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The Economics Behind Oil and Gas Business Strategies
As the country’s fortunes brighten, more oil and gas will be required to feed a recovery. While there’s a newfound abundance of both, the economics behind finding those resources and then delivering them are tricky. Just what are the business strategies that go into such potential development? Every company, for instance, has an initial cost basis, or what they paid to acquire assets or leasehold interests. Most producers want to make at least a double-digit spread on their cost of capital. So, the profitable producers have both efficient operations and a low cost basis in their natural gas assets. “If you pump $5 million into a oil or gas well, you ideally want to get that principal back with a return in a relatively quick period because of the decline curves associated with shale development,” says an industry source who asked that his name not be used. Energybiz.com
Submitted 1 years 364 days ago

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Tennessee launches effort to turn research into products, jobs
NASHVILLE — Tennessee ranks eighth in the country for the volume of federal grants its university research centers receive, but those dollars are not paying off in terms of new products, companies and jobs. Statistics from the Kauffman Foundation show the state ranks 41st in the number of jobs created from research dollars. But several programs around the state are trying to make sure that promising ideas don't languish for lack of money and resources to develop them. The newest is an initiative by the state-funded Tennessee Technology Development Corp. called Launch Tennessee, which is expected to be mostly in place by September. Memphis Commercial Appeal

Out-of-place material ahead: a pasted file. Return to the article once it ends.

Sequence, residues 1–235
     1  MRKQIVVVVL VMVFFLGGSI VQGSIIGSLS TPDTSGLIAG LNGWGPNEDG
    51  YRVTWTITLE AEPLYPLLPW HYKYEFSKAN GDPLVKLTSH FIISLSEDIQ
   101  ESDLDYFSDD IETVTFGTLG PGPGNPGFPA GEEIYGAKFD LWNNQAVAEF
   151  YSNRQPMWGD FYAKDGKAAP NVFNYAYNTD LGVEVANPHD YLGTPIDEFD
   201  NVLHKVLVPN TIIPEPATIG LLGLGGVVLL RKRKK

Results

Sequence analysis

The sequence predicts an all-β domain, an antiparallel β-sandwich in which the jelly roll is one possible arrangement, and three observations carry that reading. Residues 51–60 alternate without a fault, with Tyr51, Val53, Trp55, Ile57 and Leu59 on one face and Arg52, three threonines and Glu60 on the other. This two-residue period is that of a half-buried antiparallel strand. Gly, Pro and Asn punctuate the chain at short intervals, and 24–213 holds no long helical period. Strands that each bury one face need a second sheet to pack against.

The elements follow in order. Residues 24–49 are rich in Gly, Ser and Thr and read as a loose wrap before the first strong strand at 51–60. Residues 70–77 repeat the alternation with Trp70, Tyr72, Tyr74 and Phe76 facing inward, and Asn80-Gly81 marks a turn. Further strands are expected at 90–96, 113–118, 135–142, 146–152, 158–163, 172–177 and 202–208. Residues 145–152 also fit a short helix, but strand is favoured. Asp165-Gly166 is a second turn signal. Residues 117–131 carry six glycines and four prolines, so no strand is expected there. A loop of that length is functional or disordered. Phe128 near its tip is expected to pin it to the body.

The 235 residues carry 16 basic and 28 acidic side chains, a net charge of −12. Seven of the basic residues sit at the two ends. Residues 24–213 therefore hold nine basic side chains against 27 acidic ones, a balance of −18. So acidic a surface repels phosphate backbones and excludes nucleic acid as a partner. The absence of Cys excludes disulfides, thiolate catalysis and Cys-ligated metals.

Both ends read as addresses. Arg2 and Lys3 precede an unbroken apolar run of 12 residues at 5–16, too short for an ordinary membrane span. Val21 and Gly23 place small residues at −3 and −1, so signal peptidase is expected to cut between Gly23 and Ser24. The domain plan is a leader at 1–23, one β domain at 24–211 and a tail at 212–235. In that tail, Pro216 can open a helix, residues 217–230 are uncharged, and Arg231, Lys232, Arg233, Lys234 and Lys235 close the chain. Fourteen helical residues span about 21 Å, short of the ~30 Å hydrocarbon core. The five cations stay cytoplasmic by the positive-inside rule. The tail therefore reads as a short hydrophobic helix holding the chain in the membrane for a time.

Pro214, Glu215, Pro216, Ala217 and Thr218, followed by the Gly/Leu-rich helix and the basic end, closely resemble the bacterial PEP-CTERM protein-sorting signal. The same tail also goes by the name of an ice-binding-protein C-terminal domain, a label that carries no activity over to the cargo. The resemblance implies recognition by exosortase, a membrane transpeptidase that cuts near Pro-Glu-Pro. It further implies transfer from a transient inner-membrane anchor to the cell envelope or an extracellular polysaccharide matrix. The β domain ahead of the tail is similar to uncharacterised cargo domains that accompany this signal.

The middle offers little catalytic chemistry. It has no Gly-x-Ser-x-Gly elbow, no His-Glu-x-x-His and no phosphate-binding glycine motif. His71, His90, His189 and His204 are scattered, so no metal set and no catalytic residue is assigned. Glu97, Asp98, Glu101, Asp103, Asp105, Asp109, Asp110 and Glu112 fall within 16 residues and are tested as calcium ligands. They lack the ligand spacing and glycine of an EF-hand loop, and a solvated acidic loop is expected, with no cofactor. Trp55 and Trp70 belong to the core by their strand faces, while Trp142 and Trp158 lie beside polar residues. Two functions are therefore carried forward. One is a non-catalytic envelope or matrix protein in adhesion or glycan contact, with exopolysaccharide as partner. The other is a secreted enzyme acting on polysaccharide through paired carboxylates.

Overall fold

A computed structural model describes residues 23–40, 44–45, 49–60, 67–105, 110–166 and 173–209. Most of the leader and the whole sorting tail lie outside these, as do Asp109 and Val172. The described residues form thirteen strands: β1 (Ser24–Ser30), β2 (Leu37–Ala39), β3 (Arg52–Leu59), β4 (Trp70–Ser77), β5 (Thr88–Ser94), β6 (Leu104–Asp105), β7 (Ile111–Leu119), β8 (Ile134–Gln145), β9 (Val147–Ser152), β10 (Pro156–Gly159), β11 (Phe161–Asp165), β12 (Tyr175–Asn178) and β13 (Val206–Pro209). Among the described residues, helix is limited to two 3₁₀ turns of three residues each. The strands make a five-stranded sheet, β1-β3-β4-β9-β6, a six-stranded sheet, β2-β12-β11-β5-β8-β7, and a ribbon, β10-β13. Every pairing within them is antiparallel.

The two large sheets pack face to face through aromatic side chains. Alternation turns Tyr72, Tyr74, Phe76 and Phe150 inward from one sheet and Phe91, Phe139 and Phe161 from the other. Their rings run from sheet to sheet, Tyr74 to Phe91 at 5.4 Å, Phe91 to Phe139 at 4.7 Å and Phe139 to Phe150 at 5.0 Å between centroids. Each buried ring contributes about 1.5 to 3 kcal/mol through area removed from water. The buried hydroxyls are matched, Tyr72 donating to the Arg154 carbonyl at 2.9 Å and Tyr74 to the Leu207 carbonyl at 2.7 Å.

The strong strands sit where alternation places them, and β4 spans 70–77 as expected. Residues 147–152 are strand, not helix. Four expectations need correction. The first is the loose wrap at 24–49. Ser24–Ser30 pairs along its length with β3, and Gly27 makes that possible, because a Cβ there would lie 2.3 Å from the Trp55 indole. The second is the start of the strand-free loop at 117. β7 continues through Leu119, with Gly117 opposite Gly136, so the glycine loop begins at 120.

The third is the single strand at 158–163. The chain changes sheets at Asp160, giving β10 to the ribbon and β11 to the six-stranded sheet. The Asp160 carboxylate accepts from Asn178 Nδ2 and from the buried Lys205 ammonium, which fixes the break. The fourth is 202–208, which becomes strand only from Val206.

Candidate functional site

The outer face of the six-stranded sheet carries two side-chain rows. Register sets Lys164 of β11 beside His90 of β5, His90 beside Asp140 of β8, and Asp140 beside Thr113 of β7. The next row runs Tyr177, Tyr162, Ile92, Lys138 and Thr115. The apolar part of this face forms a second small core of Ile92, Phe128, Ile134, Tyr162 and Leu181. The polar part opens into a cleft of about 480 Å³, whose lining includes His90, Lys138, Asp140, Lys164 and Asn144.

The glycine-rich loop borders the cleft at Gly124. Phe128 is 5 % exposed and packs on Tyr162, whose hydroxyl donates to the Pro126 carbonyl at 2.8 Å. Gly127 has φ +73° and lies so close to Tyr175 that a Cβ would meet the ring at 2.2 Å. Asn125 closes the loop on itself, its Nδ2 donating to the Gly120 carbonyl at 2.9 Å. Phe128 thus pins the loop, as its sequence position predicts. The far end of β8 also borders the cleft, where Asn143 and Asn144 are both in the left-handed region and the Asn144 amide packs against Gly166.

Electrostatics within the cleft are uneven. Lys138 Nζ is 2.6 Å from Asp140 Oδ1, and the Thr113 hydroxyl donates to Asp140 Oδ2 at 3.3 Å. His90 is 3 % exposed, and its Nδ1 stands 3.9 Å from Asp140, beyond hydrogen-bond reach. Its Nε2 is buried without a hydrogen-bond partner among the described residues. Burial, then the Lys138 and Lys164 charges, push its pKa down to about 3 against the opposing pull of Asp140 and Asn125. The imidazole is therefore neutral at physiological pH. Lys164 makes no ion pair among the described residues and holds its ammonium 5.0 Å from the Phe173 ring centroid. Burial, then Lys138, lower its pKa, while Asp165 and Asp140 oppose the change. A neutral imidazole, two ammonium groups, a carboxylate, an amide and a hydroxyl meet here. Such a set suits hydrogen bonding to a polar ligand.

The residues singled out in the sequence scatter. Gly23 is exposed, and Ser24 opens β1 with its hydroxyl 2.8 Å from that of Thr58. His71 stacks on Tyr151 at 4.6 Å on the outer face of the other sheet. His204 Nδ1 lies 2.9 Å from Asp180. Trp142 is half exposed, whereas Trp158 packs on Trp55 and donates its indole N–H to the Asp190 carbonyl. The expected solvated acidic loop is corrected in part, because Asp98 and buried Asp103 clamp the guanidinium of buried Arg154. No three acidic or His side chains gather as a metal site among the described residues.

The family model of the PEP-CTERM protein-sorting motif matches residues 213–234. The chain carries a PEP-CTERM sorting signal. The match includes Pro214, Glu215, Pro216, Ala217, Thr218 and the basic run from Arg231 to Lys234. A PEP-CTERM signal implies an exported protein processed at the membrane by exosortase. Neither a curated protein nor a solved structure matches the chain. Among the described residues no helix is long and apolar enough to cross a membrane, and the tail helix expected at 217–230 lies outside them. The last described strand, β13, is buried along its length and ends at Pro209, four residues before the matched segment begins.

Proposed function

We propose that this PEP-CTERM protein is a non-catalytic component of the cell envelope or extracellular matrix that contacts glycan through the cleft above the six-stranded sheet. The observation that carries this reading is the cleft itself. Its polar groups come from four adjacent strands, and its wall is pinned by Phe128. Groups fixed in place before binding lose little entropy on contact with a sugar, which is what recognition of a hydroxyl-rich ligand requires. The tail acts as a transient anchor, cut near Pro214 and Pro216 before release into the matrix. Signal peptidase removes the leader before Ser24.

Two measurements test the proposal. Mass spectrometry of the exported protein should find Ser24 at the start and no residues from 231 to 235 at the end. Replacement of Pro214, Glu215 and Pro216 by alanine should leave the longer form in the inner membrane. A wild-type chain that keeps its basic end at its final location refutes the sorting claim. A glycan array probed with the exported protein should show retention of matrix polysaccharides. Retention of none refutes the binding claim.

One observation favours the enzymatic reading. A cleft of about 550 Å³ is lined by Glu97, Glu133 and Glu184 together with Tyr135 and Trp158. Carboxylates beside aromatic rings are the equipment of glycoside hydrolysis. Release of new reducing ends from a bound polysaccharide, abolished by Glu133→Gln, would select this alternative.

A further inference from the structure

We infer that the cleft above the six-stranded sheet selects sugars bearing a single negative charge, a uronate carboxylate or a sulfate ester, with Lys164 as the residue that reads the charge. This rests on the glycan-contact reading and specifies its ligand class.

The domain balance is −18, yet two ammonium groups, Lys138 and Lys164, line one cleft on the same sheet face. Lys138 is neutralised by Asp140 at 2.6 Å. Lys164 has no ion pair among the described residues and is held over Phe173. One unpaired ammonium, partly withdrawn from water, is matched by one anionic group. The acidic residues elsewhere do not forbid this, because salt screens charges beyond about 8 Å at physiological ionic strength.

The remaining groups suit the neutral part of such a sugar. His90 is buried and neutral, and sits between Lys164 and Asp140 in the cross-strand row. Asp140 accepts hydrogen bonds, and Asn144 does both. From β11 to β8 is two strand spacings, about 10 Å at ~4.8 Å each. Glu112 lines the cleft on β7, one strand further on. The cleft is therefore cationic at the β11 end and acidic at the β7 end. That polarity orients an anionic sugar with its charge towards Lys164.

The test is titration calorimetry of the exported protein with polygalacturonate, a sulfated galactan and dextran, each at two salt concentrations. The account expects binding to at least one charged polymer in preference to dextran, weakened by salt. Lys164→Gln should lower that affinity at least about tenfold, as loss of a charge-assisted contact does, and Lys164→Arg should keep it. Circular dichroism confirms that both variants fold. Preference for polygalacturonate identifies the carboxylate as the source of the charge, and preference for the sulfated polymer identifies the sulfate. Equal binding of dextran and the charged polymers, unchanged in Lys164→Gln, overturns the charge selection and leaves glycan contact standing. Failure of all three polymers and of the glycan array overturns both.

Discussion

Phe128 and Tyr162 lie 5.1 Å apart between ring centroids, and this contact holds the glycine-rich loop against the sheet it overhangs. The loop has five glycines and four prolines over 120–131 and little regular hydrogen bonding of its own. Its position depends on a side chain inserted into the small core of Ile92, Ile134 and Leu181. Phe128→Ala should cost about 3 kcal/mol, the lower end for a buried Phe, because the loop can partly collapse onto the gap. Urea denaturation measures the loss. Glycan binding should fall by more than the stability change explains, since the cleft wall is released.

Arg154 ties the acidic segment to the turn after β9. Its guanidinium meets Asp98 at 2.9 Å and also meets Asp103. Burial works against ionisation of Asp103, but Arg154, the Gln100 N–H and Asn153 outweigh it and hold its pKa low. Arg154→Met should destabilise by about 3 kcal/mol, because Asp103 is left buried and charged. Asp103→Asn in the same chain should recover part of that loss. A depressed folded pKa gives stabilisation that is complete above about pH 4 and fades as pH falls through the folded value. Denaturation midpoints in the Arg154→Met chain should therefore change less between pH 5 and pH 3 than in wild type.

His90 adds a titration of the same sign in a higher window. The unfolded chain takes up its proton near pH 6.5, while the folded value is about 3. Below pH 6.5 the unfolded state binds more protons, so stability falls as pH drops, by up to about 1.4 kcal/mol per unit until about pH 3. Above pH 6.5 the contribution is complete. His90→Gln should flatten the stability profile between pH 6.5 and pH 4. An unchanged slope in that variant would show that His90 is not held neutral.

Submitted 1 years 364 days ago

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Nashville is at epicenter of 'Made in America' chic
When news emerged last week that Team USA’s Olympic uniforms, designed by Ralph Lauren, were made in China, the reaction was predictably swift and severe. Sen. Majority Leader Harry Reid wanted the outfits burned, suggesting that the athletes should instead wear nothing but a hand-painted USA “symbol” at the opening ceremonies. (Talk about making a statement: We’re nude and poor!) Fox News rushed to the airwaves to denounce the unspeakable Frenchness of the ensemble’s inclusion of a jaunty beret — that is, until somebody pointed out to the gloating anchors that U.S. Special Forces wear berets as a part of their uniform. The Tennessean
Submitted 1 years 364 days ago